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20 Things You Didn't Know About... Failure

Next time you see the F-word, remember you're in good company.

By Jonathon Keats
Dec 11, 2013 12:00 AMMay 21, 2019 6:05 PM


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1. Alfred Nobel considered himself a failure. After a newspaper’s premature obituary dubbed him “the merchant of death,” the inventor of dynamite set out to improve his reputation by establishing prizes in peace, literature and the sciences.  


2. Only one scientist has won a Nobel for failing. In the 1880s, Albert Michelson tried to measure the “luminiferous ether” that scientists thought was the carrier of light. He couldn’t find it, because it didn’t exist. Michelson had inadvertently discovered that light carries itself, though it would take a patent office clerk named Albert Einstein to explain it. The short version: E = mc2. 

3. Several scientific journals now specialize in publishing failed experiments, including the Journal of Negative Results in Biomedicine and the Journal of Articles in Support of the Null Hypothesis.

4. Getting scientists to fess up to failure ain’t easy. After just over a year, the Journal of Errology managed to attract only two papers and called it quits. 

5. Google budgets for failure and its potential insight. Employees can spend 20 percent of each workday on their own projects even though 80 percent of Google ventures fail. 

6. The first product manufactured by Sony, shortly after World War II, was an electric rice cooker. Handy, except that it undercooked or burned the rice. Failing to sell a single one, the company tried an even dicier new gadget: a tape recorder.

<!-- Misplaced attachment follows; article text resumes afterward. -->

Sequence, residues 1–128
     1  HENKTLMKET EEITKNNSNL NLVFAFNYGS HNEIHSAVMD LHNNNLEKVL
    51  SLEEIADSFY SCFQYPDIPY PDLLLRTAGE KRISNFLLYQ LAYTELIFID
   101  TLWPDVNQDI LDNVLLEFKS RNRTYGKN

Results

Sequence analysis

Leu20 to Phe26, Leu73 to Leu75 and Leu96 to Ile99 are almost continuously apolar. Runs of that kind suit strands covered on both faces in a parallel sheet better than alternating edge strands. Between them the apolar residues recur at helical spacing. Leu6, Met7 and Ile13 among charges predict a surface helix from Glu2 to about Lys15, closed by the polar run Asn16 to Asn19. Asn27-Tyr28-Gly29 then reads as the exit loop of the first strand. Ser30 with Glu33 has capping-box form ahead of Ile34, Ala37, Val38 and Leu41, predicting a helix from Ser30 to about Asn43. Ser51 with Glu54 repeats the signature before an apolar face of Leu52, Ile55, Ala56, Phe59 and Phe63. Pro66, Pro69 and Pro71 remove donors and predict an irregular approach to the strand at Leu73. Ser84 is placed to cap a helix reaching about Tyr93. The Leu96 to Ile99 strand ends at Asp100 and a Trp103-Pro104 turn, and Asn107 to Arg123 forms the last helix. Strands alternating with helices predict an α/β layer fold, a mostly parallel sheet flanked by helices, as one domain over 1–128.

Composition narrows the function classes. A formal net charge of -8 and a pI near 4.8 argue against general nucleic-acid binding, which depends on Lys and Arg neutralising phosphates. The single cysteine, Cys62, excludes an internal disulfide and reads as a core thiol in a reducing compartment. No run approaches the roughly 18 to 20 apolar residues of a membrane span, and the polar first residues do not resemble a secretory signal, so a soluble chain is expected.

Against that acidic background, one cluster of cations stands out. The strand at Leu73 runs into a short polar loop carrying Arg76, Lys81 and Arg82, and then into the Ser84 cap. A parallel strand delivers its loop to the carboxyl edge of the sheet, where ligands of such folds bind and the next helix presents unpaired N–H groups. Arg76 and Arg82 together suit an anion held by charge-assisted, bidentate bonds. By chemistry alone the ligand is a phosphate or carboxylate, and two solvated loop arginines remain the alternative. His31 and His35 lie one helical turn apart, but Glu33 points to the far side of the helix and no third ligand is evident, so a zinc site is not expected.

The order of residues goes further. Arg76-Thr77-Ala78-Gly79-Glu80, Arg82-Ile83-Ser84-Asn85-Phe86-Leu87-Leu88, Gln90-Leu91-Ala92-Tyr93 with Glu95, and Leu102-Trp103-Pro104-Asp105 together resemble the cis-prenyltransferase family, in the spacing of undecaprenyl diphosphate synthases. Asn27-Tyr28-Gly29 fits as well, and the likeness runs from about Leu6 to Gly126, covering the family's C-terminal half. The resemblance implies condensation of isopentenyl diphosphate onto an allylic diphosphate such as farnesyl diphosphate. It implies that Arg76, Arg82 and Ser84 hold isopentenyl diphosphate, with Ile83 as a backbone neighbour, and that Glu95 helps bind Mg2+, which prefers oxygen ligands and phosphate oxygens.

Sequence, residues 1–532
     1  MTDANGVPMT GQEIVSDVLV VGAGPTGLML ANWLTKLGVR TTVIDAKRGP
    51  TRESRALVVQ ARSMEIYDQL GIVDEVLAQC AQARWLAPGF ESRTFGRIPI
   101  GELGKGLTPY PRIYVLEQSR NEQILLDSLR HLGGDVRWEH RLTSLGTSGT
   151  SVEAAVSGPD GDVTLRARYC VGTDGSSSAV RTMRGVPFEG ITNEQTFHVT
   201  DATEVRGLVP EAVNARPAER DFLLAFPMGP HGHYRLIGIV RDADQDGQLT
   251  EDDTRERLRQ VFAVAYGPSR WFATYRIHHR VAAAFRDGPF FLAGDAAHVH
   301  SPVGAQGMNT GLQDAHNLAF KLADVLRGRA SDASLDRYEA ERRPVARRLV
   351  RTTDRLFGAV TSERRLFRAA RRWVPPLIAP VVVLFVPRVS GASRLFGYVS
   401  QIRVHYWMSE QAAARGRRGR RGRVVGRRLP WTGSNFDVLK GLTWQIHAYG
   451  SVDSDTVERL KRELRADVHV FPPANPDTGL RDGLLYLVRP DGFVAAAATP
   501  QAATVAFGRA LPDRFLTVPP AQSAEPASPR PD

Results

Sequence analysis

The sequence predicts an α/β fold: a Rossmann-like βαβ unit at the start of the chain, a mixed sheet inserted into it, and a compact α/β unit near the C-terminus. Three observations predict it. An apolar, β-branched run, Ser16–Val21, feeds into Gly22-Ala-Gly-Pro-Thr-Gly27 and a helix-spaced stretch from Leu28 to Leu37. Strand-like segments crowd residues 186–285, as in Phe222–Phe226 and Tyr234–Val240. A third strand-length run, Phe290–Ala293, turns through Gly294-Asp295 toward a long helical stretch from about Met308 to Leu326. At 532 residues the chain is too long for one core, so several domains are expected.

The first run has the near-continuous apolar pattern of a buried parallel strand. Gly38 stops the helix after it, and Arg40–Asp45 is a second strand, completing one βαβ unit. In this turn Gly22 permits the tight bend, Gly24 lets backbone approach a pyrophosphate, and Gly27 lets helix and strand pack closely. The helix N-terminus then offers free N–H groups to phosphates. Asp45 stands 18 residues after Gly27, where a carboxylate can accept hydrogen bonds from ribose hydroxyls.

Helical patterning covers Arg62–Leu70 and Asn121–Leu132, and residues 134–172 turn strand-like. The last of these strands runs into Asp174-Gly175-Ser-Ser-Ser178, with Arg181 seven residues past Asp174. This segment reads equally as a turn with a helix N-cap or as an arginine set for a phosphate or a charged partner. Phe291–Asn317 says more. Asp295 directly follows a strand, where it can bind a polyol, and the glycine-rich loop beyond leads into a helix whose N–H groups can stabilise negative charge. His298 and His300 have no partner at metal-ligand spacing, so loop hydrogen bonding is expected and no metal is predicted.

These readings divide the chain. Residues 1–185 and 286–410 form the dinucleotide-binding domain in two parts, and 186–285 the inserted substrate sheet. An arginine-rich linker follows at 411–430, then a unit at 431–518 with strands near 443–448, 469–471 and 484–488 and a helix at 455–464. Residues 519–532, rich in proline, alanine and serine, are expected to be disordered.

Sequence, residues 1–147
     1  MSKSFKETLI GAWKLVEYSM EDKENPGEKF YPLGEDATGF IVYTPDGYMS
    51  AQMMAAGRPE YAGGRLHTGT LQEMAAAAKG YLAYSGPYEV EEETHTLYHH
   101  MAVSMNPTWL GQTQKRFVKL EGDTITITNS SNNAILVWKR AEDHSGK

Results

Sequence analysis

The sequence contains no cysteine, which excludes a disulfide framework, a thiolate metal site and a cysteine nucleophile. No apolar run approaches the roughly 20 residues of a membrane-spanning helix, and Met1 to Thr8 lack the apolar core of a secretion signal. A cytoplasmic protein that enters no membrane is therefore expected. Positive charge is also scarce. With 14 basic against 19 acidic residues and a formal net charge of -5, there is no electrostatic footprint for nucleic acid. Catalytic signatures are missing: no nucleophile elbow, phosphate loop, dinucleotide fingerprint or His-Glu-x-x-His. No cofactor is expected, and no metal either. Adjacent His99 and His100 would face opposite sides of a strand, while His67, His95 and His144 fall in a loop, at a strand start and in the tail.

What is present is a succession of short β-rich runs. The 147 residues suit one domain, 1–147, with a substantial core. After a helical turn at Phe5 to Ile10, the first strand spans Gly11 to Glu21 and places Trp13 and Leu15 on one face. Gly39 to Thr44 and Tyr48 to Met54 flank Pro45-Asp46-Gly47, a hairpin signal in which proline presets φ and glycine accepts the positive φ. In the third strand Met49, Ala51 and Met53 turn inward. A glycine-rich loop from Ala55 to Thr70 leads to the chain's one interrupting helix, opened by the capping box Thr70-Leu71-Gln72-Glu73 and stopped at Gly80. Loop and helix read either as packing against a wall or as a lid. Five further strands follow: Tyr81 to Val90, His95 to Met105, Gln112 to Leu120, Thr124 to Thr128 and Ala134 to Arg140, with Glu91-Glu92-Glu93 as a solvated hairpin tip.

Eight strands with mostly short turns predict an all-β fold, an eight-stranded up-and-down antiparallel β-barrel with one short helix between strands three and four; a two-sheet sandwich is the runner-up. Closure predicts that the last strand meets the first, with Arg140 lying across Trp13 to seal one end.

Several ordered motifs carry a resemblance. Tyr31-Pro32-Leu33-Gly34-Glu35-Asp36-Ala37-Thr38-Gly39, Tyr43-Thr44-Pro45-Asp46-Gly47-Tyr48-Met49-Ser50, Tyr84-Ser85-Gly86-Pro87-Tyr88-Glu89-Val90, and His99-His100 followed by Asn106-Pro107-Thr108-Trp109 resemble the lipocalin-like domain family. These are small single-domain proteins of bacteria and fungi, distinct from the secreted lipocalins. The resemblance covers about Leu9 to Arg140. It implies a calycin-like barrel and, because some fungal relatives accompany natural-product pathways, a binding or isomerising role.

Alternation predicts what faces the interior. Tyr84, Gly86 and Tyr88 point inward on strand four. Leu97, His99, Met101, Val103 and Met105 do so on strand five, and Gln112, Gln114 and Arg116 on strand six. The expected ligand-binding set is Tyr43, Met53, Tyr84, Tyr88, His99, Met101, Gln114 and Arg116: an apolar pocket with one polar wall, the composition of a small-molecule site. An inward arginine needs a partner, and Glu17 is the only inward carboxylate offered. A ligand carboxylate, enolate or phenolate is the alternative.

7. On average, 10 percent of U.S. companies go out of business annually. 

8. And corporate extinctions follow a pattern: A low-level attrition rate is occasionally punctuated by many companies failing at once. The economist Paul Ormerod has found that the relationship between severity and frequency follows a power law — mass failure is exponentially rarer than everyday attrition. 

9. The pattern seems to be natural. Over the past half-billion years, the extinction of species has followed that same power law. 

10. Henry Ford’s Edsel was the dodo of automobiles, but Ford had far worse ideas. 

11. His biggest failure? Fordlandia, a 2.5 million-acre rubber plantation in the Amazon. With characteristic efficiency, Ford planted rubber trees in tight formation. Fordlandia was efficient — as a buffet for caterpillars.

12. The nonprofit Search for Extraterrestrial Intelligence (SETI) has monitored the skies for alien communication for 53 years, and scientists have yet to hear a single word. 

13. Talk about failure to communicate: In 1999, the $125 million Mars Climate Orbiter burned up in Martian orbit because navigation software used metric units while the thrusters were programmed to follow English measurements. 

14. In case you’re thinking of signing up for Dennis Tito’s 2018 voyage to the Red Planet, better remember Biosphere 2, a prototype Martian settlement in the Arizona desert. Most of the animals went extinct, and the eight human inhabitants were nearly asphyxiated. 

15. Biosphere 2 is now studied by environmental scientists to reckon why humans can’t maintain a sustainable environment on Biosphere 1, aka planet Earth. 

16. One failure leads to another. The Three Mile Island nuclear power plant in Pennsylvania went into partial meltdown after someone spilled a cup of water. 

17. The dumped water triggered a safety fuse, which shut down a coolant pump, causing the reactor to overheat. 

18. Nobody noticed the overheating because the warning light was covered by a repair tag. D’oh! 

19. The Large Hadron Collider suffered a catastrophic failure after just nine days when a solder connection melted, causing a bottle of supercooled liquid helium to explode. Fourteen months later, the LHC failed again after a bird dropped a piece of bread on some exposed electronics. 

20. Scientists fretted that the repaired LHC would fail to find a Higgs boson, the missing piece in the standard model of physics. But finding a Higgs was the least of our problems. The measured value of the particle shows that the universe itself is unstable and — in perhaps a billion billion years — will fail just like everything else.

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